Fun Facts

Zamenhof has an asteroid named after him.

His birthday, December 15th, is celebrated as Esperanto Day. Last year, Google honored his birthday with a Google doodle. Google also has a portal for internet searching in Esperanto.

Political activist and Hungarian businessman George Soros is one of the rare native speaker of Esperanto, who was taught the language from birth, though he is no longer active in furthering the cause of Esperanto.

(Photo: Polish doctor L.L. Zamenhof, inventor of Esperanto, poses in an undated picture. Photograph courtesy U.S. Library of Congress.)

Wednesday, March 10, 2010

SCR board president appointed to Arts Council

Wylie Aitken, president of SCR’s Board of Trustees, will soon join the California Arts Council. He was appointed by Governor Arnold Schwarzenegger on March 4.

Here’s an article about his appointment from News Blaze: “Wylie Aitken, 68, of Anaheim, has been appointed to the California Arts Council. Aitken has been a founding partner of Aitken, Aitken, Cohn Law Corporation since 1971. He is a trustee and board president of the South Coast Repertory Theater and Orange County Performing Arts. Aitken is chair for the Board of Visitors of Chapman University Law School and a trustee of Chapman University. This position requires Senate confirmation and the compensation is $100 per diem. Aitken is a Democrat.”

Friday, March 5, 2010

The Big Screen Beckons

Here’s the pitch, in 25 words or less: SCR’s fabulous playwriting instructor Cecilia Fannon is going to teach you to write a screenplay. Which is easier – and harder – than writing a play. Class starts March 31.

OK, that was actually 28 words. Guess we’re not quite ready for Hollywood. But Cecilia assures us that with training and practice, we will be.

“After taking my class, I think anybody can write a screenplay,” she says. “I don’t think just anybody can write plays.”

SCR regulars tend to think of Cecilia first and foremost as a playwright – after all she has taught playwriting classes here for 15 years, and her play, Green Icebergs, had its world premiere here.

But Cecilia, who has an MFA in film from UCLA and has taught screenwriting at Long Beach City College for many years, has written for stage, television and film.

Screenwriting is governed by a much stricter set of guiding principles than is playwriting, she says. “Something has to happen on every other page of a screenplay. In playwriting, you have a lot more freedom. But that’s what makes it harder. You don’t have those ‘rules’ to guide you along.”

During her eight-week class, students will watch movies and perform script breakdowns, counting scenes and documenting what happens in those scenes.

“You have to be able to recognize patterns and recognize them as quickly as possible.”

And, of course, they will write their own scenes, probably two of them, or about four pages.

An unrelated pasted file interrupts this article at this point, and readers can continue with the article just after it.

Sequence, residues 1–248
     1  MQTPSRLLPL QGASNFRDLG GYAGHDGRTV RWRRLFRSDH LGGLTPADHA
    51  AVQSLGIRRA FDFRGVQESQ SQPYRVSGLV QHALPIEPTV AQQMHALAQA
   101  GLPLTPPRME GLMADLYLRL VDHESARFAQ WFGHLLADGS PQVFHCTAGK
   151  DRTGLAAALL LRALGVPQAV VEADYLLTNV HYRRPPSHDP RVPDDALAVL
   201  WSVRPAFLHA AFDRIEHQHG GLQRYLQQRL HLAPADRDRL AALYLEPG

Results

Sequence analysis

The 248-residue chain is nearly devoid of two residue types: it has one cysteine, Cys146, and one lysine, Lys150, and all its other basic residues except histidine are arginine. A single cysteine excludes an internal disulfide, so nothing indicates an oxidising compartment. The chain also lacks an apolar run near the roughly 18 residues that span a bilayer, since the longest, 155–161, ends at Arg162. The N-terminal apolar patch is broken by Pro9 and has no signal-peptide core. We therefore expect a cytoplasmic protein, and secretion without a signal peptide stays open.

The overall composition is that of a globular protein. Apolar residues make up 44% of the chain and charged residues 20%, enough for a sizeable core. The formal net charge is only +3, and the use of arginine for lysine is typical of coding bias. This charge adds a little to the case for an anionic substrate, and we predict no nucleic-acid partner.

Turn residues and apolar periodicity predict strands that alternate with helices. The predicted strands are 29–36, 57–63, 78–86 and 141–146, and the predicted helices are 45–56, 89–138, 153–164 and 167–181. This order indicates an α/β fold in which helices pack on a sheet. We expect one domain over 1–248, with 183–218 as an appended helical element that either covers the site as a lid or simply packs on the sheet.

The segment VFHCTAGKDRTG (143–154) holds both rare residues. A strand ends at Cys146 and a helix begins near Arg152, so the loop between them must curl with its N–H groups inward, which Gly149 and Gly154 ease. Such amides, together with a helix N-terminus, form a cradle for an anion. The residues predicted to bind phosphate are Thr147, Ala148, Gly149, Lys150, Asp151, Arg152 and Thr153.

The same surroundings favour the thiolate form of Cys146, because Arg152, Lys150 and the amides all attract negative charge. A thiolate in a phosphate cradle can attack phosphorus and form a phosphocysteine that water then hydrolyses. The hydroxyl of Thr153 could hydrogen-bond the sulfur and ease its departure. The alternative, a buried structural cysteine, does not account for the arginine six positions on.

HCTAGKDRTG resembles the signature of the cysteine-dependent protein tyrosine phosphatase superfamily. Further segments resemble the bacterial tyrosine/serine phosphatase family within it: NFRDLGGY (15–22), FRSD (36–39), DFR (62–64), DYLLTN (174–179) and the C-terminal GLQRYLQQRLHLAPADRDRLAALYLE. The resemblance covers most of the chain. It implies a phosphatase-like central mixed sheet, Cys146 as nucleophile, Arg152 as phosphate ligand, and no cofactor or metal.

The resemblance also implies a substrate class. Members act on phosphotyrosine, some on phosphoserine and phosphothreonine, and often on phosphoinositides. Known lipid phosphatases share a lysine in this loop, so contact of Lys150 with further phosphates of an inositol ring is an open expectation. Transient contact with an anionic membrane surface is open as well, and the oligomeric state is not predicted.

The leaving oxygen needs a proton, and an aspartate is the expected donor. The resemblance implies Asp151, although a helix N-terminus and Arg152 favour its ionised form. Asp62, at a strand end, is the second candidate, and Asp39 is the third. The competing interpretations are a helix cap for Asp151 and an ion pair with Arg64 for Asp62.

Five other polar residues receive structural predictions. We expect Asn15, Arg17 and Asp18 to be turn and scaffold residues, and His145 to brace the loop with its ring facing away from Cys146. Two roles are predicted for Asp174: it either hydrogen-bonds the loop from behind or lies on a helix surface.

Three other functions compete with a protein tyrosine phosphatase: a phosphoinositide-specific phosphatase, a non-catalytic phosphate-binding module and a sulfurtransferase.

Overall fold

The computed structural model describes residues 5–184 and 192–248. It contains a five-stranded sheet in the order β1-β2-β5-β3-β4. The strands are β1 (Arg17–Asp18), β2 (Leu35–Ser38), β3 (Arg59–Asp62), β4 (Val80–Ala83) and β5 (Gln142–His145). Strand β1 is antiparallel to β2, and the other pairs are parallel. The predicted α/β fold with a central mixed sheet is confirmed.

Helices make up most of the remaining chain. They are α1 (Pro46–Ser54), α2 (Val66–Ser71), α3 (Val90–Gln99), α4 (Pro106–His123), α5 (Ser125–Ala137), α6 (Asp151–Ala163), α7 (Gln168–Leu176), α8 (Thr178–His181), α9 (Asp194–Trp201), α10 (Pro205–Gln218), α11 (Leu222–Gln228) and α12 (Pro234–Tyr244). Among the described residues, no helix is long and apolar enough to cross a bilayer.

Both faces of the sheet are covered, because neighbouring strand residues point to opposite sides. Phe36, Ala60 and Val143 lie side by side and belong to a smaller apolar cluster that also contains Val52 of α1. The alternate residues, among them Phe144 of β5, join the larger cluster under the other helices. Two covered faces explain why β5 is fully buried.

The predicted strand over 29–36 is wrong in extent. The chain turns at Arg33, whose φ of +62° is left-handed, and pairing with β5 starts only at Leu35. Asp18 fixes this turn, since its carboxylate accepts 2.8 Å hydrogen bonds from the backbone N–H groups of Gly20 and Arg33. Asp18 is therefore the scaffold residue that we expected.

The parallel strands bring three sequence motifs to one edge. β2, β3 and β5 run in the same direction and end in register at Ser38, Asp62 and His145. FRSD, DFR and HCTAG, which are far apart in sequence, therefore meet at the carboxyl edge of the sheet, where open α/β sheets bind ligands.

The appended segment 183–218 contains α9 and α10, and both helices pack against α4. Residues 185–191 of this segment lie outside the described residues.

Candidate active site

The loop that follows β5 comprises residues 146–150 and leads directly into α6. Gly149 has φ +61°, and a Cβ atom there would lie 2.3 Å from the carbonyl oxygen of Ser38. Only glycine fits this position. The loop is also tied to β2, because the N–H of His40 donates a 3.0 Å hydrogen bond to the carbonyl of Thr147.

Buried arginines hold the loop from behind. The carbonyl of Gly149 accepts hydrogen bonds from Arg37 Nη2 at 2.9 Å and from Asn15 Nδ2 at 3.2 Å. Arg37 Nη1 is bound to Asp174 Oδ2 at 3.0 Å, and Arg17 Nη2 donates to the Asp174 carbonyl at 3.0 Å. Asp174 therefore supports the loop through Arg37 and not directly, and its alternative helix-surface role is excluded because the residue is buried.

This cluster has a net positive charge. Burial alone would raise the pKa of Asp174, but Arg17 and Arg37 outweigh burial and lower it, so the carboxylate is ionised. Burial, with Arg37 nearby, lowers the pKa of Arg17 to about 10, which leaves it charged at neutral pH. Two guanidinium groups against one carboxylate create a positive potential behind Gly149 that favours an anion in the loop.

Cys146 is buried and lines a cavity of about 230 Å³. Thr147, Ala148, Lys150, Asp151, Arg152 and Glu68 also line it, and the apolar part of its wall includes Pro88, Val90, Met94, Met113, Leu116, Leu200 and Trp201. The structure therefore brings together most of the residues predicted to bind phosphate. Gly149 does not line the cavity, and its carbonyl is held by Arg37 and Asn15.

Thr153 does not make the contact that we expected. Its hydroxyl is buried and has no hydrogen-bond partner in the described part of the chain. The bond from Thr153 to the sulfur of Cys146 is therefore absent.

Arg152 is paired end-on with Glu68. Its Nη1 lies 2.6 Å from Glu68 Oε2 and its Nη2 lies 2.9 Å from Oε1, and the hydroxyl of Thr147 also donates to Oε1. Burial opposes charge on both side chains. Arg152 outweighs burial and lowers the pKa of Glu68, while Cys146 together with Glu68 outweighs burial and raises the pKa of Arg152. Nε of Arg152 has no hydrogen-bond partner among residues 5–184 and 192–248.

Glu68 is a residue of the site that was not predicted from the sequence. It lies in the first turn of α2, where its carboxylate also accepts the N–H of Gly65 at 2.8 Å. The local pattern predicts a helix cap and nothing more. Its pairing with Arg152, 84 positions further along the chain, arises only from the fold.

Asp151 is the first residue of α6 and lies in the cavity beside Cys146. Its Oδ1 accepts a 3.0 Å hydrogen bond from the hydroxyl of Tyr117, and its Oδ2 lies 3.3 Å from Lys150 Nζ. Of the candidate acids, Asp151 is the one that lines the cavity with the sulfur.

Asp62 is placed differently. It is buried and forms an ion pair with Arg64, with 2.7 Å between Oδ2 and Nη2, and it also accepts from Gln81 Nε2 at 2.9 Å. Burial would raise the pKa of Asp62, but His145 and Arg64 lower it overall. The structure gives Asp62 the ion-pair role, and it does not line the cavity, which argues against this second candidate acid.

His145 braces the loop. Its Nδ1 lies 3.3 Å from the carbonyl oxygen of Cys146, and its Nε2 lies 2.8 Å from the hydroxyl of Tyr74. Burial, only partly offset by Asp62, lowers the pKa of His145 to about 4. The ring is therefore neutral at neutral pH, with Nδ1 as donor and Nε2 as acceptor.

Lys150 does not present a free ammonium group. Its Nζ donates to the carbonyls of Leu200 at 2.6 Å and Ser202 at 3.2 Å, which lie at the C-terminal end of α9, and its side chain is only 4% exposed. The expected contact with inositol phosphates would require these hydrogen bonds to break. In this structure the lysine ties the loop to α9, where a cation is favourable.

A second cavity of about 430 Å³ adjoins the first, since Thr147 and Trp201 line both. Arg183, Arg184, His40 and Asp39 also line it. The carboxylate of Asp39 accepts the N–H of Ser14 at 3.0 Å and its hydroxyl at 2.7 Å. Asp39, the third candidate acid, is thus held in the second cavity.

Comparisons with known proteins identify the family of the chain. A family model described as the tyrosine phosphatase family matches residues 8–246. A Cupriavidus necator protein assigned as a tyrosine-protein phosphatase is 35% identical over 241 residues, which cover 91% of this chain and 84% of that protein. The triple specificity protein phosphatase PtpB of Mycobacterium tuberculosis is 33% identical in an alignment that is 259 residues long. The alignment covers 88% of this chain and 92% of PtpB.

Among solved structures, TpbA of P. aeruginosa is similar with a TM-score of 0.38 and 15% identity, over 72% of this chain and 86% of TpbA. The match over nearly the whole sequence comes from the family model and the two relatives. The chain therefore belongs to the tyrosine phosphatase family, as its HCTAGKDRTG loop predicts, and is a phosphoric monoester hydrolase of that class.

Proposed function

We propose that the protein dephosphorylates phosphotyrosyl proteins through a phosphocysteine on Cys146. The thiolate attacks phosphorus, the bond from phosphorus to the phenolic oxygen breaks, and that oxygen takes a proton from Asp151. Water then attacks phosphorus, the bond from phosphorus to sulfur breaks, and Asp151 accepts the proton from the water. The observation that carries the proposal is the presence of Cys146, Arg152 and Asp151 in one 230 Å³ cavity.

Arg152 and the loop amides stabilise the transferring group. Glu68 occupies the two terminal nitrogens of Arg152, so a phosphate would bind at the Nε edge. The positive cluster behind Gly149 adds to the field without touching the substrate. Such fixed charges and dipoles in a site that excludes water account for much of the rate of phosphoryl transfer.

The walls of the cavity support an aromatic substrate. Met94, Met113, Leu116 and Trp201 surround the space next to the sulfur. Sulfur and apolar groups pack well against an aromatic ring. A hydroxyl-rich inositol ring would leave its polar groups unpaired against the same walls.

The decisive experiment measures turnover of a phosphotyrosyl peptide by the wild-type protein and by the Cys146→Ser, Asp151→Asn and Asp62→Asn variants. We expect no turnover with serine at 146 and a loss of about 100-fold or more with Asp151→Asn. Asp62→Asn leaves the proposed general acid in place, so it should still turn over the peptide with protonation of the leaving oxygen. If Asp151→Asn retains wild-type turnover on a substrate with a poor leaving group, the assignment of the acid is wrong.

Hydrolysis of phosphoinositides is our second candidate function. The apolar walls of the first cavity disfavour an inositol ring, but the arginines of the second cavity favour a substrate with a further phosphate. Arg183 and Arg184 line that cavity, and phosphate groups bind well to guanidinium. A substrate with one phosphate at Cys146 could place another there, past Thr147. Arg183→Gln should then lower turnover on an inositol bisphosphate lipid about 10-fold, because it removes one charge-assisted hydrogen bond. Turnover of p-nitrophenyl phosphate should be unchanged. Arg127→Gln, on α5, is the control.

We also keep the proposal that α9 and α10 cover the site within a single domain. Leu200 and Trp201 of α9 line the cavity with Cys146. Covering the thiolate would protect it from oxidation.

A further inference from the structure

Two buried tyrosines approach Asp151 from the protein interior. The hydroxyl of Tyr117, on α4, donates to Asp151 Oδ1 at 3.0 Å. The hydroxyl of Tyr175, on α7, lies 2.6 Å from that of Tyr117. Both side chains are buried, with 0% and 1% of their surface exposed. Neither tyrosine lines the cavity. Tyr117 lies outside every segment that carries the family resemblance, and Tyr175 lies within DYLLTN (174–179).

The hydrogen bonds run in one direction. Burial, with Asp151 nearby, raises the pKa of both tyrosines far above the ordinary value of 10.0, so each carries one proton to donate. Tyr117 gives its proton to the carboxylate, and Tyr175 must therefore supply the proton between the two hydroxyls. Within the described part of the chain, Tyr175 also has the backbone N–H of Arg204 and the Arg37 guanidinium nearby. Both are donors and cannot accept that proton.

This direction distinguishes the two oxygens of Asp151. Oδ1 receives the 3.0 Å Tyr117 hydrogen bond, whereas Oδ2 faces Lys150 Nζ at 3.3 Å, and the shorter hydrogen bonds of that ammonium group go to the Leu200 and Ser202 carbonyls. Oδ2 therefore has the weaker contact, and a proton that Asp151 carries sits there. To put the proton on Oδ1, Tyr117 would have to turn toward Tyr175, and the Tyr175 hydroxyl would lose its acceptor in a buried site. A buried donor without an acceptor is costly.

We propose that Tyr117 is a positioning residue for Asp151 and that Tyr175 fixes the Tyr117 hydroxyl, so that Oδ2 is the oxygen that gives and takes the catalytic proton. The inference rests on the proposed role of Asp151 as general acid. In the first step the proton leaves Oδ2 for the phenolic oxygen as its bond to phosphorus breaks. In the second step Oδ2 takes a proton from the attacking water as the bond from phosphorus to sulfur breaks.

After that, they’ll be ready for bigger things.

“I always say that screenwriting is like the game of Go,” says Cecilia. “It takes a minute to learn and a lifetime to master.”

For more information, click here.

Tuesday, March 2, 2010

Conservatory Student Returns for World Premiere

Phillip Vaden doesn’t appear on stage until the very end of In a Garden. But he’s one of the first to arrive at the theatre.

Before each performance, he likes to walk out onto the set, survey the empty seats and recite a few lines. It helps him settle into character and prepare for the moment he comes back out to perform for an audience full of people.

Vaden, who plays a U.S. Army captain, sat down after rehearsal to talk about his days in SCR’s Professional Conservatory – including some tricks he learned from teacher Karen Hensel – and why he has a new biggest fan.

How does it feel to be acting at SCR after graduating from its Professional Conservatory?
It’s good to be back. Everything I have done here before has been on the Segerstrom Stage. I am really excited to be performing in a more intimate setting this time around.

How did you originally hear about the adult acting classes at SCR?
I was born and raised in a small farm town in Texas. My older brother, Travis Vaden, came out to California first to take lessons at SCR’s adult conservatory. He was always telling me if I wanted to move out here and act, it was the best way to learn a lot and gain experience if I worked hard enough to impress. Sure enough, SCR hired both of us to do Two Gentlemen of Verona in 2003 after graduating from the conservatory.

Any funny stories from your conservatory days you’d like to share?
When I was in class with Karen Hensel she made a point to teach you to work with different types of directors. Every day she would come in pretending to be a different director who either had an outrageous personality or no personality. She really prepared me to be able to work with all kinds of people. Auditioning is also easier now thanks to the techniques she shared.

You have a best friend, U.S. Army captain Scott Thornbury, who has done tours in Iraq. Has he changed the way you view or play your role as a U.S. Army Captain in In a Garden?
I want to ask the playwright, Howard Korder, if I could change the name of my character to Scott. I don’t want to overstep my boundaries though. I have put several Scott nuances into my character thus far. Scott thinks it is awesome. I am so glad he is in the States so I can use him as a resource. The conservatory really taught me to not to let these invaluable opportunities to gather information pass me by. I really think you perform better by taking a little bit of that person on stage with you.

How does In a Garden differ from anything else you have done?
In a Garden
is solidly about personal relationships. There is no side-line pageantry. No comedic machinery. It is about two people’s visions and egos clashing. Who knew two people battling it out could be so delightful to watch! Howard is such a brilliant writer…but that’s no secret.

Do you prefer acting on stage, film or TV?
I would love to do theater all the time! Unfortunately, the money is not as good as doing television work. Sitcoms are great because you have the best of both worlds. You still get to perform in front of a live audience.

Who is your biggest fan?
Well, it used to be my mom, but since I got married I think it is my wife, Erin…Or at least I hope she is. We got married last June, and she always comes with me to all kinds of events. She will hopefully be my opening night date from here on out.